The big news to hit publishing after New Year's -- news big enough for one editor to shout a "holy shit!" when he heard about it -- was the business going down at Random House Inc.
The bottom line: On January 16th, without warning, Peter Olson (Random House chairman) fired Ann Godoff (Random House president/publisher/editor), citing Godoff's failure to deliver the goods: i.e., a long-enough string of best-sellers and the revenue Random House parent company/media conglomerate Bertelsmann was banking on.
So much for Godoff's track record (Midnight in the Garden of Good and Evil, The Alienist, White Teeth) and so much for Godoff's spending habits. (Three million for rights to The Nanny Diaries, based on three sample chapters. A good bet, it turned out, for what would indeed be a best-seller ... still, 3 million?)
So, in January, Random House, the house that Cerf built, the house that Faulkner called home, went to Gina Centrello, president/publisher/editor at Random House Inc.'s Ballantine division -- Centrello, who can deliver the goods: i.e., a good long string of less than "literary" but profitable hardbacks (see in June: Star Wars: Shatterpoint: A Clone Wars Novel) and a longer string of trade-size and mass-market cash cows in paperback.
So: Godoff's gone (along with some faithful authors?) with no immediate replacement; Centrello's head of a new entity called the "Random House Ballantine Publishing Group"; Ballantine's featured fiction for March is Angry Housewives Eating Bon Bons by "beloved author" Lorna Landvik (who wrote, you remember, the "sensational sleeper hit" Patty Jane's House of Curl); and the seating chart at 1745 Broadway, Random House Inc.'s new headquarters, has been anybody's guess. As columnist Joe Hagan pointed out on page one of The New York Observer on January 20th, "According to a company newsletter, Random House was to reside on the 16th and 17th floors, Ballantine on the 22nd and 23rd, and Knopf on the 21st."
Knopf: another division of Random House, literally, then, in the middle. Knopf's editor-in-chief: Sonny Mehta, recent star subject of a two-page spread in Vanity Fair, where he sat with star writers Richard Ford and Robert Caro. But something says Mr. Mehta sits where he pleases (screw the no-smoking sign), and here's reason why: four New Year/spring titles to add to Knopf's fine reputation before and under Mehta. They are:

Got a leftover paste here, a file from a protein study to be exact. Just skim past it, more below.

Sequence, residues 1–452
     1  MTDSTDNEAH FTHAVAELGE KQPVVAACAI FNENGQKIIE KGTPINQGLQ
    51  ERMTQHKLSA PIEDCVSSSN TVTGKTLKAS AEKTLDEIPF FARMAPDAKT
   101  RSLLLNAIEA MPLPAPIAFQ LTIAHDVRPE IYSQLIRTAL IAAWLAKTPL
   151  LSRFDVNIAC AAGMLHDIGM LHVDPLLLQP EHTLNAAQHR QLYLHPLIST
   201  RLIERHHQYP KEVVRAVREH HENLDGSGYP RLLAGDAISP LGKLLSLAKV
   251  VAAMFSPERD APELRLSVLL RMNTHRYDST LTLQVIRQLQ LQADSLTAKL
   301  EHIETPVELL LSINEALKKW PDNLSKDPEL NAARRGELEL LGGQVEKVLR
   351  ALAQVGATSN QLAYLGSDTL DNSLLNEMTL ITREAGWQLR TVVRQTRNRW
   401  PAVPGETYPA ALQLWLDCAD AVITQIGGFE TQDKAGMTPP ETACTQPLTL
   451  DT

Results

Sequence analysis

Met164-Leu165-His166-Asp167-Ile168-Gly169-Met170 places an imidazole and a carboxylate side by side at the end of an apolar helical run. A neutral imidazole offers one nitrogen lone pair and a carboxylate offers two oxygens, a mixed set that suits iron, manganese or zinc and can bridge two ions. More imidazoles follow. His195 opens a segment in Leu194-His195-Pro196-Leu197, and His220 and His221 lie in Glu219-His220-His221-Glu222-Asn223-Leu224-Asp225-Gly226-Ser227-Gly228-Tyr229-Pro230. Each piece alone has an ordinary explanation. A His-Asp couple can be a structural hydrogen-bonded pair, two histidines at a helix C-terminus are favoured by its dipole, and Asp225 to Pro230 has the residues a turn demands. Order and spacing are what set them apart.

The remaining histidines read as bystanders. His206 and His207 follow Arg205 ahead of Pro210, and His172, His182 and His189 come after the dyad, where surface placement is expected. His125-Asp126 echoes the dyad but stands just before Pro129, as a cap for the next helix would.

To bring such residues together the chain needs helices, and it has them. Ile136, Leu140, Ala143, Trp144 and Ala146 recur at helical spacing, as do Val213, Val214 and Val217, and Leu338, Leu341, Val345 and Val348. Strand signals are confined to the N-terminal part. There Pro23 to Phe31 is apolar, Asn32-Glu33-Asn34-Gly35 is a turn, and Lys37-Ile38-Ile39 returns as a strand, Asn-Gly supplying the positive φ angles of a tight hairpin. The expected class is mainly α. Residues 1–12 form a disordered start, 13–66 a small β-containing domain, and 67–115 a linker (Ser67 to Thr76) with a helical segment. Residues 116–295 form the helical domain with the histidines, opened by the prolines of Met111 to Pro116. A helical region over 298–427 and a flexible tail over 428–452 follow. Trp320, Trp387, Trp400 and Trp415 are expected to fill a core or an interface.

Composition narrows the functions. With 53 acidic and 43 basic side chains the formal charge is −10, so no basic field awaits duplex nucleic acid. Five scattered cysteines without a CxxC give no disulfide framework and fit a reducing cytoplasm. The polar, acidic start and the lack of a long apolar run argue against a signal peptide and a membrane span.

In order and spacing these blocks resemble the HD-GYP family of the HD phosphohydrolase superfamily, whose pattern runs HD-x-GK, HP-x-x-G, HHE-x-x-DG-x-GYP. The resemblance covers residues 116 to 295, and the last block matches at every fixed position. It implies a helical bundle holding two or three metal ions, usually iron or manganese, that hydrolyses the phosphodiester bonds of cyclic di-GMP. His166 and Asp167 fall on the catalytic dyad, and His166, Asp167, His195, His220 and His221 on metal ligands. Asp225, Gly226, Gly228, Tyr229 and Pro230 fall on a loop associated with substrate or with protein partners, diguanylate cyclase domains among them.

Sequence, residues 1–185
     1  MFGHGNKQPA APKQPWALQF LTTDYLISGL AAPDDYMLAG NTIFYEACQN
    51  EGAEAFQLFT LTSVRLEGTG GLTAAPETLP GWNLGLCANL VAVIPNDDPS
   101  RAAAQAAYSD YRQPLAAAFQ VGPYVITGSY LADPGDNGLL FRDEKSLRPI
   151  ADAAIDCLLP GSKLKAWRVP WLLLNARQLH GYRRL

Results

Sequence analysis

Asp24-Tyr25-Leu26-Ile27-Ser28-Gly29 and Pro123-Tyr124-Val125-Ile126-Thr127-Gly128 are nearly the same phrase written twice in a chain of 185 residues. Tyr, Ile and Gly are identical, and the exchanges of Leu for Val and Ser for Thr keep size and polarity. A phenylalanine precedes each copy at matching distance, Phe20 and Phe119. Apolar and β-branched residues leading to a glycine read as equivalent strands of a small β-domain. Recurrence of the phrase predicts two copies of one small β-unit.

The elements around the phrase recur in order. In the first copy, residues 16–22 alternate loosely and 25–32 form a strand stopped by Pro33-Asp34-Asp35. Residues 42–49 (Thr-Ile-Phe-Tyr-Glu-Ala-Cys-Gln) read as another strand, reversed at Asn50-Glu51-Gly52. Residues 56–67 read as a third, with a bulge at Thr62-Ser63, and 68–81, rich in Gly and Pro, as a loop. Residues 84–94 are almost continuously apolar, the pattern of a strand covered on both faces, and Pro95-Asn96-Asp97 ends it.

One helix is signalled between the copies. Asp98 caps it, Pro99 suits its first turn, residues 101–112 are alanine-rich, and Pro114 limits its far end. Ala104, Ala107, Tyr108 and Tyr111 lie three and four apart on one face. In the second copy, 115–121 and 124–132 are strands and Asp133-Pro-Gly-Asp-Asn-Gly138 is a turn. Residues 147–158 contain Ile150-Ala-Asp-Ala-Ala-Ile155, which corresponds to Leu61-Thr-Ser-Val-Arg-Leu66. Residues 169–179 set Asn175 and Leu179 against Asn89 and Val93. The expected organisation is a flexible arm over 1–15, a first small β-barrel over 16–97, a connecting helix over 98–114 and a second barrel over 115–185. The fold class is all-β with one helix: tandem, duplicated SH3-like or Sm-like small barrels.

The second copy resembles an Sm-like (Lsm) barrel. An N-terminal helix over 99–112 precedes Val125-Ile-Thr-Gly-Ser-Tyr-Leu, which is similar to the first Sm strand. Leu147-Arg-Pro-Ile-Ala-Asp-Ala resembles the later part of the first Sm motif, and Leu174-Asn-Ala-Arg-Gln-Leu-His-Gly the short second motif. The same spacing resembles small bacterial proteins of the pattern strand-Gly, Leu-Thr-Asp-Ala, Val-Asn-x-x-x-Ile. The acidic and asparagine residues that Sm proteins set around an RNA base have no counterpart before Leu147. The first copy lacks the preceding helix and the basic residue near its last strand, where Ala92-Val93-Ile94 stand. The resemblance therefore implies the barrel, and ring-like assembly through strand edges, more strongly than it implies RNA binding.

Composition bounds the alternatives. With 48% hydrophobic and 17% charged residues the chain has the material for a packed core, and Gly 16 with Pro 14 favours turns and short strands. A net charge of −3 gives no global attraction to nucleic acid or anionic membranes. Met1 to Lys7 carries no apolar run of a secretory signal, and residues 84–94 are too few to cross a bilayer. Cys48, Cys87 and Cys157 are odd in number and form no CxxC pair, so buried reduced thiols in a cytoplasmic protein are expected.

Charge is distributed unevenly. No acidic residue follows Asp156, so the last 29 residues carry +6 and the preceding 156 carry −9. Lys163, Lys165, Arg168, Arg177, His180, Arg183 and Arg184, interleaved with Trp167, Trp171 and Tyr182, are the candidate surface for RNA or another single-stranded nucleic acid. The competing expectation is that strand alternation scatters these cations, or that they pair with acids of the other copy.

1) Samaritan by Richard Price, about which by this late date so much has been written it's useless to add another two cents, but here they are: If you can find better streetsmart dialogue centered in and around a New Jersey housing project, inside a New Jersey high school, and inside a New Jersey police department, show it. Show Price the money. Movie rights for this hard-boiled, page-turning crime story-slash-multiple-character study: gotta be astronomical. (Ms. Grier? This is casting calling.)
2) Abandon by Pico Iyer, about which I could but would have to stop short saying good things, because I stopped reading one-third the way through, because I happened to open ...
3) Shroud by John Banville and dropped everything. It's about a literary scholar with an international reputation who's also a major alcoholic, tyrant, and fraud. The causes of Alex Vander's eventual unmasking, undoing: A) a madwoman in Turin young enough to be his daughter, old enough to become his lover; B) Vander himself, who isn't "Vander" at all but who is approaching his own unfine madness. Irishman Banville's performance here: "old Europe" at its best: elliptical, foreshadowy, dream-state in intensity. Eggheady? Bite me.
4) The King in the Tree by Steven Millhauser, Pulitzer Prize-winner for Martin Dressler, and here the author of three novellas, the second a new installment on the Don Juan myth, the third a straightforward retelling of Tristan/Ysolt (a retelling even a kid could love), but the first an unnerving house tour conducted by a widow for the "other" woman's (and your) creepy enjoyment. Wondering: Millhauser's "Revenge" will take just how long to show up in creative-writing classrooms?
5) Sons of Mississippi by Paul Hendrickson, a thoroughgoing look into and behind the faces in Charles Moore's photo of seven sheriffs on the campus of Ole Miss the week James Meredith sought to become that school's first black student in 1962 -- a book that demands more than this mere mention.
But the abandoned Abandon ... Iyer's protagonist has an interesting thing going as a grad student in search of a secret Islamic manuscript that may or may not contain a lost fragment of Sufi master Rumi's poetry. But this wigged-out California girlfriend he hooks up with ... She's key to some Sufi mystery/manuscript, and she splits the scene, and already I'm wondering if I'm not thinking good riddance. But Iyer's a great essayist, and Mr. Mehta knows good writing. Ann Godoff did too. Pretty sure she still does.